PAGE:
Out-of-pocket shoppers will have to rely on their credit card or payment provider to reclaim money.
Missguided shoppers, left out-of-pocket after the fashion brand failed, won’t get their money back say the administrators winding up the company.
Teneo, which is running the business until new owner Fraser Group takes over, said the company won’t be able to honour refunds to customers.
It means shoppers like Steph Eady, who sent back £190 of clothes, are left to claim through their credit card.
When a firm goes bust, customers are often last on the list for repayments.
“I was looking for a dress for a friend’s wedding so I naturally ordered lots of options to try on,” Mrs Eady said.
She returned seven items, but didn’t receive her money back.
“I messaged Missguided on Twitter and they told me it was delayed by a technical issue but I would get it.
“Now I’ve had an email basically saying, ‘You’re not going to get your refund,'” she said.
Manchester-based Missguided and its menswear brand Mennace went under in May, after its suppliers filed to shut it down over unpaid debts.
Pandemic lockdowns initially sent internet shopping sales soaring, boosting brands like Missguided that do most of their business online. However, rising prices have prompted shoppers to cut back, and costs, especially for transport, have put additional pressure on businesses.
Competition is fierce for Missguided’s 18 to 34-year-old target customers with rivals like Boohoo, PrettyLittleThing and Shein dominating the market.
Two days after their collapse, Missguided and Mennace were bought by Frasers Group, which owns Sports Direct and House of Fraser for £20m. The new owner is expected to take over from Teneo in August. In the meantime the website has stopped taking orders and customers are left chasing orders, returns and refunds.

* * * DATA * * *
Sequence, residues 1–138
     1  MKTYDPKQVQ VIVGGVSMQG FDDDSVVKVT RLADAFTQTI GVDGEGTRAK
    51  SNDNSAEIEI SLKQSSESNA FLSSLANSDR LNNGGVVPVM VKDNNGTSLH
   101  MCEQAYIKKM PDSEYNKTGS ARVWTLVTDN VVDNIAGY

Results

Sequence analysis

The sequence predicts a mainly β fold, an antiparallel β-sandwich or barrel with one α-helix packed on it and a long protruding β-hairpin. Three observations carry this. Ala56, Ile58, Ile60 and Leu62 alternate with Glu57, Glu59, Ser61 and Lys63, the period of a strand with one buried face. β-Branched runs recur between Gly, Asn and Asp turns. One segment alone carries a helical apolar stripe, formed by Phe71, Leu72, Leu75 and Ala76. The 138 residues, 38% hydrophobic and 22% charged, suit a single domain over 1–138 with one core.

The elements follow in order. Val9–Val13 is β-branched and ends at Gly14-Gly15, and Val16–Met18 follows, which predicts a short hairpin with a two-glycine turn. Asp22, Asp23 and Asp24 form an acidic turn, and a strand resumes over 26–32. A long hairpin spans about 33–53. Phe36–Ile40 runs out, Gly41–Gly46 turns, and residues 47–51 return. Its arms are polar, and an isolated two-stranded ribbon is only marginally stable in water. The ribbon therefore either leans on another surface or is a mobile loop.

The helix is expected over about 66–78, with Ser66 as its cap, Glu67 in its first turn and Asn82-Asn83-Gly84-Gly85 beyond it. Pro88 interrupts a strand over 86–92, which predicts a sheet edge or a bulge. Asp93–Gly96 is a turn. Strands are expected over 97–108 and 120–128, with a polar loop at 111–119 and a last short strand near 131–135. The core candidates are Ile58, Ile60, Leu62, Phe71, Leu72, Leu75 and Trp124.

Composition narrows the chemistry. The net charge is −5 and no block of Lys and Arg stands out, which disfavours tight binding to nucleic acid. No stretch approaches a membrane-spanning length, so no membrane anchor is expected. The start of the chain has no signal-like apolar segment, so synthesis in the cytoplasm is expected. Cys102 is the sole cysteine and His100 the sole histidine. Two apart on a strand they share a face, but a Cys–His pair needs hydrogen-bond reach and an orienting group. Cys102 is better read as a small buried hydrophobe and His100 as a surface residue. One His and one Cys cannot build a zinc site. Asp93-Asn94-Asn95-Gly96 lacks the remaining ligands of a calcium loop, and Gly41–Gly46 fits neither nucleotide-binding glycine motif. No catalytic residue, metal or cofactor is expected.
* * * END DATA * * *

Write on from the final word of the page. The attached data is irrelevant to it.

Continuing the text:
“When you hear they’ve found a buyer you think it’ll be business as usual and you won’t have any trouble getting your money back – but that’s not the case,” said Mrs Eady.
Other customers received the same email that Mrs Eady had from Teneo which said the “best option” was to make a claim via their credit card or buy-now-pay-later provider.
It said: “As the companies are insolvent there is a possibility that there will be no return to creditors from the administrations at all.”
Although Teneo declined to comment directly to the BBC, the email said Missguided and Mennace have debts that “far exceed” the value of their assets. Teneo also would not say how many customers were likely to be affected.
How to get your money back when a company goes bust
- Write to the administrator that’s managing the collapsed firm, stating exactly what you are owed and what for
- If you used a buy-now-pay-later scheme contact your provider for a refund
- If your purchase was more than £100 and you paid on credit card, submit a “Section 75 claim” from your provider
- If you paid by debit card ask your bank for “chargeback” within 120 days of the payment